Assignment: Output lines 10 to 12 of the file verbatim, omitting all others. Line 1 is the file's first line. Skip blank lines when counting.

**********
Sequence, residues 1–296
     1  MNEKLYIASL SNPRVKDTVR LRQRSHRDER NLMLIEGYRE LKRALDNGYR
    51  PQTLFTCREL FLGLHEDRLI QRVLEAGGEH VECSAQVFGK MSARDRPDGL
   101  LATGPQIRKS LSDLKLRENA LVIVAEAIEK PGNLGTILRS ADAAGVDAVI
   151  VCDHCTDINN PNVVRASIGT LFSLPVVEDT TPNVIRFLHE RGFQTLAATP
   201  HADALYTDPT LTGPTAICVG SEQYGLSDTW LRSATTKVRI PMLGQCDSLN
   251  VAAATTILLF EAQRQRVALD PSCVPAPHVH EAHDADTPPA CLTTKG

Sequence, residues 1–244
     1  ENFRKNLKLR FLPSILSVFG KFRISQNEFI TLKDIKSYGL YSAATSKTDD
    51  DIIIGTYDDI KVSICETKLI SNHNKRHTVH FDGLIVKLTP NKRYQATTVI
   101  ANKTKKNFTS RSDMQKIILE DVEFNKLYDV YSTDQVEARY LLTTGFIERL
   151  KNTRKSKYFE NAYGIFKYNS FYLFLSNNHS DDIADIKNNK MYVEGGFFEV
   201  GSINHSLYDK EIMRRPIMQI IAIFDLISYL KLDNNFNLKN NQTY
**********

    51  DIIIGTYDDI KVSICETKLI SNHNKRHTVH FDGLIVKLTP NKRYQATTVI
   101  ANKTKKNFTS RSDMQKIILE DVEFNKLYDV YSTDQVEARY LLTTGFIERL
   151  KNTRKSKYFE NAYGIFKYNS FYLFLSNNHS DDIADIKNNK MYVEGGFFEV